Compared to wristwatches, pocket watches are generally undervalued nowadays (with exception to, well, exceptional examples such as Breguet Resonance), and will continue to be undervalued, simply because they are not wearable and can only be carried in pockets. This is fundamental and unfortunate, but from a different point of view, good for the sincerely passionate collectors to acquire their beloved watches at relatively affordable prices.
A watch, if treated as asset, has great liquidity, portability and density in terms of monetary value per gram. And its value is internationally recognized, across borders of countries and currencies. Because of this, when there are more and more watches breaking million-dollar barrier, more investors and funds will come into play, just like what happened in art market for centuries.
Watch collecting, especially of wristwatches, is still relatively a young hobby, and as we have seen it in the last 20 years, is getting mixed up with investment whether we like it or not. Today, many watch collectors think and care about price appreciation of the watches, and that’s just part of human nature, when money is in the picture. However, while any watch may be worth collecting purely for personal pleasure, the percentage of watches that are good for investment is very small.
When we try to analyze and judge the value of a watch, importance and rarity is the key. Other factors such as the look and condition are certainly important, but if we examine deeper, we will see they often reflect or redirect towards importance and rarity. An important watch, e.g. Patek 2499 or 3940, must be good looking for sure. It may not be rare, such as 3940 third series in yellow gold, and this will dilute its value and ultimately the market price. If it also rare, such as 2499, then its value must be high. In this regard, condition is part of, or a special case of rarity, and rarity means desirability. For example, Rolex 6541 is rare, and a 6541 in NOS condition is super rare hence justifies super high price.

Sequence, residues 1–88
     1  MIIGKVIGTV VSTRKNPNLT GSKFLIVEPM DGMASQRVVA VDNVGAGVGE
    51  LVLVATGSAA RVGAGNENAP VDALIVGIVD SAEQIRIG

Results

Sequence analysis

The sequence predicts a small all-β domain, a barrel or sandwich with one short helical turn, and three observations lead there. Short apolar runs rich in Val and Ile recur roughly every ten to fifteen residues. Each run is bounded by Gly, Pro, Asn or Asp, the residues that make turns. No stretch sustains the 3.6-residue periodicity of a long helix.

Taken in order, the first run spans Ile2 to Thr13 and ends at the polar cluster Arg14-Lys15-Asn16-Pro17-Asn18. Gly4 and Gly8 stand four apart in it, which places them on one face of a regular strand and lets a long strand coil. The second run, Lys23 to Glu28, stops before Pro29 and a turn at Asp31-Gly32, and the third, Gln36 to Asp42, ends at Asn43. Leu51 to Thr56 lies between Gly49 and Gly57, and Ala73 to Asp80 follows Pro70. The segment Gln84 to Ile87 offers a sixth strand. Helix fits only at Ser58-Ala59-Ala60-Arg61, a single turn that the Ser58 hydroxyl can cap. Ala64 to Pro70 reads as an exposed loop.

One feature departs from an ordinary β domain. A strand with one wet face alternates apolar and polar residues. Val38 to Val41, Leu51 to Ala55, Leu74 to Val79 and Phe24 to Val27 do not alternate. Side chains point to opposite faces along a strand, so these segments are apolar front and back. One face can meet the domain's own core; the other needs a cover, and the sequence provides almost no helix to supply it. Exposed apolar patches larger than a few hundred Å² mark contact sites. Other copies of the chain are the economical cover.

Since we are on this subject, let’s talk about tropical dials for a moment. Apparently, tropical dials have become in favor since 20 years ago, not sure if this will remain in the next two decades. Tropical dials are supposed or meant to be rare. They do have nice look, when the color is even and just right. But original black dial looks the best to my eyes, and when it is authentic, it is more convincing than a who-knows-what-happened tropical dial, and it is rare too, maybe even more so.